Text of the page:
MARABU  seems to have a "hangover" - hanging old and tired in ropes early this morning: an adventurous construction from the "normal" mobile crane as well as another "lever crane" takes over the entire yard of Martin's Shipyard. Tension and nervousness are evident in the faces of the boatbuilders, only the most necessary things are spoken, the men's breathing air does not just evaporate because of the first autumnal cold.
Millimetre work with uncertain output is required by the two crane operators in order to raise the hull of the large yacht exactly synchronously. The keel is to be uncovered and removed, the whole day is reserved for it.
 
Centimetre by centimetre, the fuselage detaches from the trailer. To everyone's surprise, a gap is already forming in the front half between deadwood and lead ballast. Rapidly the 5 tons weight is lowered again and secured with a nut. Once again, things are going up - the trailer on which the keel shape cast over 80 years ago is to be stored for the next few months must be placed under the fuselage - and then down again.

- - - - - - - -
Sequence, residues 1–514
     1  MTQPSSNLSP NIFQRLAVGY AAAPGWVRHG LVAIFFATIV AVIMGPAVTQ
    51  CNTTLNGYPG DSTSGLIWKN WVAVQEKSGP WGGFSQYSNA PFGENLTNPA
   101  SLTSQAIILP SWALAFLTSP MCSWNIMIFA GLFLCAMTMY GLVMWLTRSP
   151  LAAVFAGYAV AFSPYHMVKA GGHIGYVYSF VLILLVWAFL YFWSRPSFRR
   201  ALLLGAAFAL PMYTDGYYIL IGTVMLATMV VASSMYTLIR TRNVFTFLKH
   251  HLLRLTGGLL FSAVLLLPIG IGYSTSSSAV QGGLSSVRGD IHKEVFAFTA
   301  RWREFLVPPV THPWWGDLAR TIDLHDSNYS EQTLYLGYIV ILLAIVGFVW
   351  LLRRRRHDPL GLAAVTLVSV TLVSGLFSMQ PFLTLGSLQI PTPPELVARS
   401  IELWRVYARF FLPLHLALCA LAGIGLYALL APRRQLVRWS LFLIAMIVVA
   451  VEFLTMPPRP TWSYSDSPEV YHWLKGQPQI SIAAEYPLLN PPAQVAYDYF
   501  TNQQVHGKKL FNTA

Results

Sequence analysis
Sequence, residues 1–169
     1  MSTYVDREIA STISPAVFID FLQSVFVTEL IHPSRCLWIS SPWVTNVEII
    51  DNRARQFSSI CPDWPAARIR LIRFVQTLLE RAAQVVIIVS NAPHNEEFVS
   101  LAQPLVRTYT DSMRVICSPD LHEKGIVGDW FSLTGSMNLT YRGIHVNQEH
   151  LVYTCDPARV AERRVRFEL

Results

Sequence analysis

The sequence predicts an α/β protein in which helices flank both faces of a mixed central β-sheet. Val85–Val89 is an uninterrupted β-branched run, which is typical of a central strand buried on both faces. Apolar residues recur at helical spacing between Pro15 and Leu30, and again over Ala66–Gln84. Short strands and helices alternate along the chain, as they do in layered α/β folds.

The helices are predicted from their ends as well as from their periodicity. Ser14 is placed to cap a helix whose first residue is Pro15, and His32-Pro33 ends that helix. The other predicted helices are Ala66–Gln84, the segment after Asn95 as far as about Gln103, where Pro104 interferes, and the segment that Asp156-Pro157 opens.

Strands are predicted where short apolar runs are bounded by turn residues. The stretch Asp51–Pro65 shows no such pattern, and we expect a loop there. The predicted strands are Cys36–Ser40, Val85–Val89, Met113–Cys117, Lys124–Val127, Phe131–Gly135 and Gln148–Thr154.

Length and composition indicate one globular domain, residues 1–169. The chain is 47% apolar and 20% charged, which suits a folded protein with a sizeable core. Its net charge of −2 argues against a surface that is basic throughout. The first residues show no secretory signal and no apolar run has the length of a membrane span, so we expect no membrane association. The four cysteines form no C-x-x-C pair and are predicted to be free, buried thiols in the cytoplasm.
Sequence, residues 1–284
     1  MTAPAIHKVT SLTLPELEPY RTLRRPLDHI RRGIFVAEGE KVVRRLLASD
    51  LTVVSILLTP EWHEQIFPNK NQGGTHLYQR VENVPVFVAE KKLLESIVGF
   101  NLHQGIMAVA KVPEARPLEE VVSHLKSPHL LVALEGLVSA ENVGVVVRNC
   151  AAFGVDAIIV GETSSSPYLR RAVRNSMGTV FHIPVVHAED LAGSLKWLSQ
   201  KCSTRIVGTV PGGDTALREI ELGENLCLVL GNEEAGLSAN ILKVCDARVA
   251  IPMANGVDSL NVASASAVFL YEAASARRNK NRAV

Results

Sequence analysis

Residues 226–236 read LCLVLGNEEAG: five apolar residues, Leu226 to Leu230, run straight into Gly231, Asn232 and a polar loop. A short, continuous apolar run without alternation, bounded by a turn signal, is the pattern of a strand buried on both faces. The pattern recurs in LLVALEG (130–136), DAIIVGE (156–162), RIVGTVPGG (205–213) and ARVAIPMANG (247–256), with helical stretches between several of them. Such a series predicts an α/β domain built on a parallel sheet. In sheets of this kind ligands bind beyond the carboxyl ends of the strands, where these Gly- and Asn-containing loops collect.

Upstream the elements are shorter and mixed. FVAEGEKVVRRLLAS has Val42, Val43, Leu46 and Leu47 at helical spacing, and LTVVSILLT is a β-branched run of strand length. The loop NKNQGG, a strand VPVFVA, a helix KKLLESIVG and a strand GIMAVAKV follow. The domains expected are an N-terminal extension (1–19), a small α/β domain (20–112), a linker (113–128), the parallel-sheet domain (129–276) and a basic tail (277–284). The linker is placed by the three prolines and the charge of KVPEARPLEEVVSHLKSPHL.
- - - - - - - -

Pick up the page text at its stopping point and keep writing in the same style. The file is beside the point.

Apparently, only the rear of the lateral plan has the bolts slightly jammed in the wood. Only at this point the boat builders have to help with a few wooden wedges and some strong blows from the sledge hammer. Another fitting falls victim to the flex.
 
"I have never experienced that before." Josef Martin shakes his head somewhat astonished as the fuselage seems to rise effortlessly above his lead keel. MARABU made it almost too easy and provides a solution to the mystery: Englishboatbuilders immortalized themselves on the surface of the lead in 1989 with the year. At least once in the history of this yacht this area has been reworked and the ballast and hull have been separated. Luck for the Radolfzell team.
 
Just in time for the breakfast break all work is done. The boss looks at the heavy piece of lead with the bolts in it. Satisfied and relaxed, his breath evaporates under the brown leather hat and again it's not at the temperature, because the sun has fought its way past the shipyards and warms the place in front of the big gate.
 
The conversations among the boat builders are wandering out to sea - Helgoland, Atlantic, Newport... with his 12mR he wouldn't dare this trip, Martin says. With the MARABU? Yes, with the MARABU of course when she is completly refitted... after all, she is a Windfall.